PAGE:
David 2011 defines policy as “specific guidelines, methods, procedures, rules, forms, and administrative practices established to support and encourage work toward stated goals’. Policies are directives designed to guide the thinking decisions and actions of managers and their subordinates in implementing a firm’s strategy. They increase managerial effectiveness by regulating many routine decisions and clarifying the discretion managers and subordinates can exercise in implementing functional tactics (John et.al, 2008). Policies set limits, constraints, and boundaries on the administrative actions which the organization can take to reward and sanction behavior hence tools which are necessary in strategy implementation process. This means that they are a tool that can be used to direct what can and cannot be done in the organization in order for it to achieve its strategic goals. Organizational policies help in giving solutions to the ever recurring organizational problems and act as a guide in the strategy execution.
Policies provide a basis for management control, allow coordination across organizational units, and reduce the amount of time managers spend making decisions because through them everyone clearly knows the role they ought to play in the strategy implementation (David, 2011). This means that they are designed to control decision at the same time defining allowable discretion within which operational personnel can execute business activities. Communicating specific policies helps people to act and be commitment to successful strategy implementation.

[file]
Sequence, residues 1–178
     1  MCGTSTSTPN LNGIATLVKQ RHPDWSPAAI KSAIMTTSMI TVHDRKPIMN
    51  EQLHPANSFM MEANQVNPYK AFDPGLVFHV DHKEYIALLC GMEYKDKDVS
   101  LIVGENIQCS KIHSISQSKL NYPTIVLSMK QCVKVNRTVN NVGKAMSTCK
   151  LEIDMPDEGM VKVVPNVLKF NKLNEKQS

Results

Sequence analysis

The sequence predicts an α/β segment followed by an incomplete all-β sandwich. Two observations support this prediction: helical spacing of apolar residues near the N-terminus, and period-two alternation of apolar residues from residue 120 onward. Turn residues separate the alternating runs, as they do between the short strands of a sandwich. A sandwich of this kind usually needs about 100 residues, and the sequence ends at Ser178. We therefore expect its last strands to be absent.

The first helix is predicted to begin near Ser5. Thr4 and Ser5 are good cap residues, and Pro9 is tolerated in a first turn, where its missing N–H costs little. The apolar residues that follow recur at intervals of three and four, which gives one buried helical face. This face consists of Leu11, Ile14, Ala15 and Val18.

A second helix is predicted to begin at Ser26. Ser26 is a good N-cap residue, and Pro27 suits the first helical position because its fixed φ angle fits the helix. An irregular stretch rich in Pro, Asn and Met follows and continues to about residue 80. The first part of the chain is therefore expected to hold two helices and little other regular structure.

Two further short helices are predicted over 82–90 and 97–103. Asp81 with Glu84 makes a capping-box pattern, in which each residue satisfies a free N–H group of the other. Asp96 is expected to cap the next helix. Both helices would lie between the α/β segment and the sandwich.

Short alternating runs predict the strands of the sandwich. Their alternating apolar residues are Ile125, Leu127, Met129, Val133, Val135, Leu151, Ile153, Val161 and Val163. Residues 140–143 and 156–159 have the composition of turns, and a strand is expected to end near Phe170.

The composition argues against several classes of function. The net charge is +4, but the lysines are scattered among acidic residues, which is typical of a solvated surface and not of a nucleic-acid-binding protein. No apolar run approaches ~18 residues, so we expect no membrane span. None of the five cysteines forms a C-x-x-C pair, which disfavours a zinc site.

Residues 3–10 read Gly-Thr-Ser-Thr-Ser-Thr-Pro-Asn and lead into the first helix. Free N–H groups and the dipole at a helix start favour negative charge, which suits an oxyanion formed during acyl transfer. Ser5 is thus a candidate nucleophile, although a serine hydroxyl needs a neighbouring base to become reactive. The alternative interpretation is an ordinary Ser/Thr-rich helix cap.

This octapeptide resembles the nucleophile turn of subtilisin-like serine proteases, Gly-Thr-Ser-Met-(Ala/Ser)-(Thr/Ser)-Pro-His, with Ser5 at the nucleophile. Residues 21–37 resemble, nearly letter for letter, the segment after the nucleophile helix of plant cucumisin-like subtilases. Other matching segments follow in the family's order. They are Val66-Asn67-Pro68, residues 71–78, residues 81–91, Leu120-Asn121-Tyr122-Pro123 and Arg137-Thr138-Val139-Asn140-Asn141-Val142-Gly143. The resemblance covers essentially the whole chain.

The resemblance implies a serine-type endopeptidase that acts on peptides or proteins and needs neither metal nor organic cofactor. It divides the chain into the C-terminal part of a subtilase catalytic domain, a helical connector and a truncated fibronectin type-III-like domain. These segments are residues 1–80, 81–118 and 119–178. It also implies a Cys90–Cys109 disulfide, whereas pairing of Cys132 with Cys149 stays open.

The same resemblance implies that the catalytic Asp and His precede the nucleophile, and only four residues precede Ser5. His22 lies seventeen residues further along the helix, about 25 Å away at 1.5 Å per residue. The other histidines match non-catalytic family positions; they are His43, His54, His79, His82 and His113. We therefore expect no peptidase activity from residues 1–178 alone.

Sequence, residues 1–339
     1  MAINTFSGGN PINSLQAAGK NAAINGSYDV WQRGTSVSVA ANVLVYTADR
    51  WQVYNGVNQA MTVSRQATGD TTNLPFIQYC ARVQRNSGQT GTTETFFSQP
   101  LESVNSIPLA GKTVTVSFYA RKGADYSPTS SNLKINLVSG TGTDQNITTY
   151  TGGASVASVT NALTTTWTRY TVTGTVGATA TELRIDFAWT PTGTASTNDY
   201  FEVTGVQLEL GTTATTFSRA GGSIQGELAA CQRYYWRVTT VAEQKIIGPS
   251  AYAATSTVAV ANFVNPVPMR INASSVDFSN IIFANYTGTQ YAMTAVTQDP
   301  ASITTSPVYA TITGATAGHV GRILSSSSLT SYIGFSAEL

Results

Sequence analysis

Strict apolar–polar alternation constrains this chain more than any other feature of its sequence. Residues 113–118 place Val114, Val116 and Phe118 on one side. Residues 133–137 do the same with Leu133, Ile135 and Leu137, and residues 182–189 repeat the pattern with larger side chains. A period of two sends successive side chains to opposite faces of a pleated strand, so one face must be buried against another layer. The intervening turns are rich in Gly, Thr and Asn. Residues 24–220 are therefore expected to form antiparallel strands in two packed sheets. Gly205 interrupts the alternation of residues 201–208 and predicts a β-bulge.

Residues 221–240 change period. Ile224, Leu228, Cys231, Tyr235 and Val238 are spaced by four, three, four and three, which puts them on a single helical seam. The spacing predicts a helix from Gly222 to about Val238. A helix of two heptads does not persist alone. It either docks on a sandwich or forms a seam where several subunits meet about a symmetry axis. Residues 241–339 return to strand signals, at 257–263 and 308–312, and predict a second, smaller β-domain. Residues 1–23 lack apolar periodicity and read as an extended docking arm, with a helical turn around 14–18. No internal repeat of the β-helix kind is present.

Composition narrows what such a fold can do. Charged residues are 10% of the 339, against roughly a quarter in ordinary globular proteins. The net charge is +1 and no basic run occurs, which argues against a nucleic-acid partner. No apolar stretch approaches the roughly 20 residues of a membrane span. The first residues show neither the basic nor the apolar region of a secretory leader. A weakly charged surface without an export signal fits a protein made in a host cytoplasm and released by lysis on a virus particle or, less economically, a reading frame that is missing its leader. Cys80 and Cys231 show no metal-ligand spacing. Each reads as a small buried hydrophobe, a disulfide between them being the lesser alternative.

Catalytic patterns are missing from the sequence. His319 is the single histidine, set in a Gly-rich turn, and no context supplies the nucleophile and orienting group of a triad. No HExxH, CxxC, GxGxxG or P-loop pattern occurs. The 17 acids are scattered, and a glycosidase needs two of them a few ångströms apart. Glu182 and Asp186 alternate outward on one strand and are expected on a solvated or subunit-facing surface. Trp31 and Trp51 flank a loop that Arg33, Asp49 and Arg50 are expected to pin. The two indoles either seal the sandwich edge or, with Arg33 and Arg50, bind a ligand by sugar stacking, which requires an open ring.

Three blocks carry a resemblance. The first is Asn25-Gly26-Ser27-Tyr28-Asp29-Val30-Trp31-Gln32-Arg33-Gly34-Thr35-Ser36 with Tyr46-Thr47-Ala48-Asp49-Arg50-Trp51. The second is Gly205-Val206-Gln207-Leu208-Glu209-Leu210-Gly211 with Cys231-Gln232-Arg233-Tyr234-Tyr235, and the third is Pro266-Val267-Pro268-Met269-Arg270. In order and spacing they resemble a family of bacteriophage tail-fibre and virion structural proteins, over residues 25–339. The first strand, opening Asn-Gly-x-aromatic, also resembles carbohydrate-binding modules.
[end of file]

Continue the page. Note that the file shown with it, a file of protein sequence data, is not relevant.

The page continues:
Organization structure plays an important role in the strategy implementation (Heide at el.2002) Changes in strategy often require ...
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... factors that affect an effective resource allocation in an organization include, an overprotection of resources, a great emphasis on short-run financial measures, organizational politics, unclear strategy targets, an unwillingness to take risks, and a lack of sufficient knowledge on what needs to be done. An effective resource allocation does not guarantee successful strategy implementation unless programs, personnel, controls, and commitment are well aligned to the provided resources (David, 2011). There are numerous factors at play that can prohibit effective resource allocation such as overprotection of resources, too great an emphasis on short run financial criteria, organizational policies, vague strategy targets and lack of sufficient knowledge. The way an organization handles its resource allocation is a crucial part of strategy implementation (Lynch, 2000).
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